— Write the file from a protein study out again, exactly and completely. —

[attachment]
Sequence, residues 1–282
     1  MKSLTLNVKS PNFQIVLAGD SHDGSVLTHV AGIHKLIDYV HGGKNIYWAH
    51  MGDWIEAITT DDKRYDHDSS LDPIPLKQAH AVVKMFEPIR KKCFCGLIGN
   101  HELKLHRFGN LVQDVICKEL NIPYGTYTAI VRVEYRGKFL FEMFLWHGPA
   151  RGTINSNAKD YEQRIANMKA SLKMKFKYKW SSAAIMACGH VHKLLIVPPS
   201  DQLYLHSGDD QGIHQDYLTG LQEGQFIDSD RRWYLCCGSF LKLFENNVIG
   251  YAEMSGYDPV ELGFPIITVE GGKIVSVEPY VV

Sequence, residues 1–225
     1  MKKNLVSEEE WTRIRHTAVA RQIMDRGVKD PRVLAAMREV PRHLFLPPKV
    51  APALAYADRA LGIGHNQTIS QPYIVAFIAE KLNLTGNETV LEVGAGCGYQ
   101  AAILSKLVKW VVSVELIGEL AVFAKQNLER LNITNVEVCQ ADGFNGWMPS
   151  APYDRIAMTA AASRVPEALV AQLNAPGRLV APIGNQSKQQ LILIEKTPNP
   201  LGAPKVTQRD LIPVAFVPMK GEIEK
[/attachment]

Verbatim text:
Sequence, residues 1–282
     1  MKSLTLNVKS PNFQIVLAGD SHDGSVLTHV AGIHKLIDYV HGGKNIYWAH
    51  MGDWIEAITT DDKRYDHDSS LDPIPLKQAH AVVKMFEPIR KKCFCGLIGN
   101  HELKLHRFGN LVQDVICKEL NIPYGTYTAI VRVEYRGKFL FEMFLWHGPA
   151  RGTINSNAKD YEQRIANMKA SLKMKFKYKW SSAAIMACGH VHKLLIVPPS
   201  DQLYLHSGDD QGIHQDYLTG LQEGQFIDSD RRWYLCCGSF LKLFENNVIG
   251  YAEMSGYDPV ELGFPIITVE GGKIVSVEPY VV

Sequence, residues 1–225
     1  MKKNLVSEEE WTRIRHTAVA RQIMDRGVKD PRVLAAMREV PRHLFLPPKV
    51  APALAYADRA LGIGHNQTIS QPYIVAFIAE KLNLTGNETV LEVGAGCGYQ
   101  AAILSKLVKW VVSVELIGEL AVFAKQNLER LNITNVEVCQ ADGFNGWMPS
   151  APYDRIAMTA AASRVPEALV AQLNAPGRLV APIGNQSKQQ LILIEKTPNP
   201  LGAPKVTQRD LIPVAFVPMK GEIEK